Doing some propagative research, preparing to breed some Moringa Oleifera from several different countries. Apparently the blossoms are heteromorphic, which means they tend to not pollinate themselves, even though each bloom has both a set of anthers and a stigma.
Above, is a picture of a bee pollinating the moringa flower. We also have had some gigantic black bees buzzing around in the garden. They always mistake me for some kind of tall nectar bearing flowering shrub, and chase me around. Below is a picture of some moringa truncheons sprouting. The trees were suffering from mildew rot, so chopped them up, soaked them in NKO2 and dipped the ends in rooting compound. A little more then half of them are sprouting. No sign of mildew.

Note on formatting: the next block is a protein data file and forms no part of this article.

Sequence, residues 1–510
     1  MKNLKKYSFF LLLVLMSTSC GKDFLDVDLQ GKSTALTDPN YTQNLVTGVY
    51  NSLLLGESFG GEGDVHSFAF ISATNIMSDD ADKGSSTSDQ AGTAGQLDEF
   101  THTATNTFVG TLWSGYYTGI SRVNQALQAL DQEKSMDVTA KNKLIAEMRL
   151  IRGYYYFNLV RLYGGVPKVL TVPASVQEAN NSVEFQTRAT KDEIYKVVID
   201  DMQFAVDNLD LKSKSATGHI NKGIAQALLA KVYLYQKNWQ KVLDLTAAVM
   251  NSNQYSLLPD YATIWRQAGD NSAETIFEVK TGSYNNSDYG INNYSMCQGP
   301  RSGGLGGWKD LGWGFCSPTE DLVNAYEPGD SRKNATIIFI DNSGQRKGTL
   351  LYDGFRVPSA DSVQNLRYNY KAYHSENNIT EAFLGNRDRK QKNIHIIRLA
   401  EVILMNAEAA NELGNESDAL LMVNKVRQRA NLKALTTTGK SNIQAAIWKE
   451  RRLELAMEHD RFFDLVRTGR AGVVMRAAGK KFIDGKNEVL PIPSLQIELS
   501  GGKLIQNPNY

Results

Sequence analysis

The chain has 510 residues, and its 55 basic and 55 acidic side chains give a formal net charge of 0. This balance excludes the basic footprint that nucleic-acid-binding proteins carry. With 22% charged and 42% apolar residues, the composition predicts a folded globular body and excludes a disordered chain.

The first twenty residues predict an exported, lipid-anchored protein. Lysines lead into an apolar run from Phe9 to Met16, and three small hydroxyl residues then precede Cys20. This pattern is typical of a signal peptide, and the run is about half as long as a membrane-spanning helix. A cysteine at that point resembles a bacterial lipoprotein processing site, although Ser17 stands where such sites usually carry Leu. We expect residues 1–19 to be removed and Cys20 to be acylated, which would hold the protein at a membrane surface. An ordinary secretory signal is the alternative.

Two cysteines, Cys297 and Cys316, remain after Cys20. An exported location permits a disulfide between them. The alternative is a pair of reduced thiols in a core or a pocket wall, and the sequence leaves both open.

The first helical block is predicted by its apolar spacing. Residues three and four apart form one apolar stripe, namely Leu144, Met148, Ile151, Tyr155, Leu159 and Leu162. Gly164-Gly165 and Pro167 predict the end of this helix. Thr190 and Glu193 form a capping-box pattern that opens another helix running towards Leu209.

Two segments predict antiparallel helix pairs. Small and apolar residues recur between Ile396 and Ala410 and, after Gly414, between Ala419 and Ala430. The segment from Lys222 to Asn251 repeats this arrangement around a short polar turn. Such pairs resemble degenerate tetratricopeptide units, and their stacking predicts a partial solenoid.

Below is another shot of a bee working in the fields. I was so happy to see the first bees. The big ones have a tendency to knock the blossom off the stem, even if it’s already started to form a drumstick. It’s not a big deal though, these trees aren’t really strong enough to produce too many seeds. Next year, I’ll have them in sandier soil with appropriate pH levels.
Keep night temps above 21 degrees C.
Prefers sandy soil with pH 6.2-7.0.
- world agro forestry – A comprehensive source for Moringa information
- Moringa Oleifera on gr0wmaster – Some pretty pictures of Moringa Oleifera
- trees for life
- Moringa Seeds (South Africa) – Planting Instructions
- zoffs – a good source for moringa leaf powder, pod powder, and combination powder